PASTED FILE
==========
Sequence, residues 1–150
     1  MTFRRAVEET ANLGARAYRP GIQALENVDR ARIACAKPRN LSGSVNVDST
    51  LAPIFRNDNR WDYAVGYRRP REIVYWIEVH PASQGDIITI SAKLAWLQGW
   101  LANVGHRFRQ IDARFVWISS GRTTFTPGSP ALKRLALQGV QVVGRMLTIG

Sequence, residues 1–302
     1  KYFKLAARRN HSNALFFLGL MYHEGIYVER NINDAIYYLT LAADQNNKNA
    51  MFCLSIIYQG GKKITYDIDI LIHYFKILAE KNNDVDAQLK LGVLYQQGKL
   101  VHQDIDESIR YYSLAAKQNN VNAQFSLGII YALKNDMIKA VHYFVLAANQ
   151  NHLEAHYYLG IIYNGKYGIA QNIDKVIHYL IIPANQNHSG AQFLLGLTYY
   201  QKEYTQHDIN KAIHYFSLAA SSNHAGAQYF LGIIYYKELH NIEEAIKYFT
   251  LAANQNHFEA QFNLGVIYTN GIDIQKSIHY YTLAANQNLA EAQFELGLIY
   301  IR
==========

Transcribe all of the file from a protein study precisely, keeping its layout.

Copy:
Sequence, residues 1–150
     1  MTFRRAVEET ANLGARAYRP GIQALENVDR ARIACAKPRN LSGSVNVDST
    51  LAPIFRNDNR WDYAVGYRRP REIVYWIEVH PASQGDIITI SAKLAWLQGW
   101  LANVGHRFRQ IDARFVWISS GRTTFTPGSP ALKRLALQGV QVVGRMLTIG

Sequence, residues 1–302
     1  KYFKLAARRN HSNALFFLGL MYHEGIYVER NINDAIYYLT LAADQNNKNA
    51  MFCLSIIYQG GKKITYDIDI LIHYFKILAE KNNDVDAQLK LGVLYQQGKL
   101  VHQDIDESIR YYSLAAKQNN VNAQFSLGII YALKNDMIKA VHYFVLAANQ
   151  NHLEAHYYLG IIYNGKYGIA QNIDKVIHYL IIPANQNHSG AQFLLGLTYY
   201  QKEYTQHDIN KAIHYFSLAA SSNHAGAQYF LGIIYYKELH NIEEAIKYFT
   251  LAANQNHFEA QFNLGVIYTN GIDIQKSIHY YTLAANQNLA EAQFELGLIY
   301  IR